Readers of my blog will be familiar with my affection for old Germanic languages such as Old English (Anglo-Saxon) and Gothic. Old Frisian is another old Germanic language and is in fact the closest linguistic relative of Old English. However, the subsequent importation of much non-Germanic vocabulary into English means that the modern descendants of Old Frisian and Old English are not mutually intelligible. In contrast, the student of Old English should be able to understand Old Frisian and start reading texts in Old Frisian within a few days of starting to learn Old Frisian grammar.
Old Frisian is the earliest substantially attested form of the language of the Frisian people, who inhabit regions of the northern Netherlands and far northwest Germany. Though some runic inscriptions have been found dating between the sixth and ninth centuries CE, the corpus of Old Frisian texts attested in manuscripts only goes as far back as the thirteenth century CE (Bremmer 2011). Interestingly, the Old Frisian texts are primarily legal in nature (ibid.).
The following Old Frisian text I present with translation and commentary is an account of the Ten Commandments, taken from the Prologue of the Seventeen Statutes and the Twenty-Four Land-Laws (ibid.). With the aid of my translation and commentary, the modern English speaker should be able to see the close relation between Frisian and English, in particular through comparisons of basic vocabulary.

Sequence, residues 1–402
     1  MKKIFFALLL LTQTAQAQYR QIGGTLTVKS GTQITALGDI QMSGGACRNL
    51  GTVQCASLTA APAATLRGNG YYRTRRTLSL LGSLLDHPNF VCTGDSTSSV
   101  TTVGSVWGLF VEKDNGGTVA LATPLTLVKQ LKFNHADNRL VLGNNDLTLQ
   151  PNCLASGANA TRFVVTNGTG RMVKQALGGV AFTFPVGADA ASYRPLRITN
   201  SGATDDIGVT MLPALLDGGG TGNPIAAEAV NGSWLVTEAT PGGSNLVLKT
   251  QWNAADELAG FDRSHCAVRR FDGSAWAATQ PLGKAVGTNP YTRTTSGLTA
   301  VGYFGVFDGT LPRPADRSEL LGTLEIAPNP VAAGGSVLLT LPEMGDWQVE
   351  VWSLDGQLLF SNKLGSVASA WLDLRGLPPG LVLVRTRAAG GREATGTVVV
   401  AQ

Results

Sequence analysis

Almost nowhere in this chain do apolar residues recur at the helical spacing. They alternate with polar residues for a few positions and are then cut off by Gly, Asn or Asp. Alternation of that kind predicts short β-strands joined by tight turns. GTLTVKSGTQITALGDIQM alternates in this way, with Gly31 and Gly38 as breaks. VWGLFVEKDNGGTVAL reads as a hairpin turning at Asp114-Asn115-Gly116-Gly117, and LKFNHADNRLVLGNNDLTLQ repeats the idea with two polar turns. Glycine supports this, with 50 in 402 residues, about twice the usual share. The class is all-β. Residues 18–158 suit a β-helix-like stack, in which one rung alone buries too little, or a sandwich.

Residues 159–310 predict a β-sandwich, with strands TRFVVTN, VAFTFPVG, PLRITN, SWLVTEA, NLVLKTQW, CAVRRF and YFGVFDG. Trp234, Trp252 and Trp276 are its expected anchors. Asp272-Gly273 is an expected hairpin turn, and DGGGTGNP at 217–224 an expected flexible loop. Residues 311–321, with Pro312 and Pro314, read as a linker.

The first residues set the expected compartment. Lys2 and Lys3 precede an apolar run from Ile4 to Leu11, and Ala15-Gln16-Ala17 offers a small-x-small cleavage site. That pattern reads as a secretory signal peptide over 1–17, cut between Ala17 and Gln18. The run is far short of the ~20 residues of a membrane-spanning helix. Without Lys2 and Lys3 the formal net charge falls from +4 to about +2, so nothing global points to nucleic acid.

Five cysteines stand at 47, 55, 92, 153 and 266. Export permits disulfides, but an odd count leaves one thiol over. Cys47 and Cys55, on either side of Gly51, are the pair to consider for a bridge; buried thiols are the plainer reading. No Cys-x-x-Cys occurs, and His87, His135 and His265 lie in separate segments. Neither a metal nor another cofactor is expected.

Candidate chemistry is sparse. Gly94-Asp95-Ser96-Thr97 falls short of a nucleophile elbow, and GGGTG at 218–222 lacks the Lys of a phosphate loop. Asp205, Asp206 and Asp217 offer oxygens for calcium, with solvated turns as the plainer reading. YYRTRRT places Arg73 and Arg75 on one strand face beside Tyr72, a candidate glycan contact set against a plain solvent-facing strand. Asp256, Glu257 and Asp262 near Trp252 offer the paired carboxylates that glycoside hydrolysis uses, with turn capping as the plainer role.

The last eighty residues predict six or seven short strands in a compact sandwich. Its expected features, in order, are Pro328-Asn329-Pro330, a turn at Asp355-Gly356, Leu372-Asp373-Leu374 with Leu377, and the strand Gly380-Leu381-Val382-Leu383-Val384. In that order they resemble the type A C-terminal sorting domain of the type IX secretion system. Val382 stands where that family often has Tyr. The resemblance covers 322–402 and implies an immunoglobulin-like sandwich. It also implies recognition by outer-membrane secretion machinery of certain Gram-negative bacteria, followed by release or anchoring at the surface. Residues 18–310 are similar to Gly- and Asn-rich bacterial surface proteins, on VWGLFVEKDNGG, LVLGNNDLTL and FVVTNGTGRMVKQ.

For an online link to the original text, see here. For Bremmer's book on Old Frisian, buy here.
Here it is written that we Frisians have[i] and hold such customary law,[ii] as God himself[iii] set and commanded, that we should keep hold of all lawful things and all right things. [iv] After that, it[v] was mandated[vi] and proclaimed[vii] by all earthly kings[viii] after Romulus and Remus (these were two[ix] brothers who[x] first founded Rome), Julius[xi] and Octavian[xii]- thus were called the first four kings who were kings of Rome.[xiii] God our Lord wrote the law, when it came to pass that[xiv] Moses led the Israelite people through the Red Sea and out of the wild desert and they came to the mountain[xv] that is called Sinai. Then Moses fasted[xvi] for 42 days and nights. Thereafter God gave him two stone tablets, on which He had written[xvii] the Ten Commandments, which he should teach the Israelite people.[xviii]
This was the first commandment: Deus tuus unus est.[xix] Your God who is the One, who is creator of Heaven and Earth.[xx] Him you shall[xxi] obey.
This was the second[xxii] commandment: Non assumas nomen Dei tui in vanam.[xxiii] You shall not take the name of your God in vain. Therefore all perjuries are forbidden to you.[xxiv]
This was the third commandment: Sanctifica diem sabbati.[xxv] You shall celebrate the holy Sunday, when God rested when He had created Heaven and Earth. Therefore you shall eagerly celebrate the holy Sunday.
This was the fourth commandment: Honora patrem tuum et matrem tuam.[xxvi] You shall honour your father and your mother, that[xxvii] you may live the longer.
This was the fifth commandment: Non occides.[xxviii] You shall not commit any manslaughter.[xxix]
This was the sixth commandment: Non mechaberis.[xxx] You shall not commit any fornication or adultery, but with your lawful wife shall you live goodly.
This was the seventh commandment: Non furtum facias.[xxxi] You shall not commit any theft and you shall not yearn for the possessions of your fellow Christian, which cannot legally befall to you.
This was the eighth commandment: Non falsum testimonium dices.[xxxii] You shall not bear any false witness.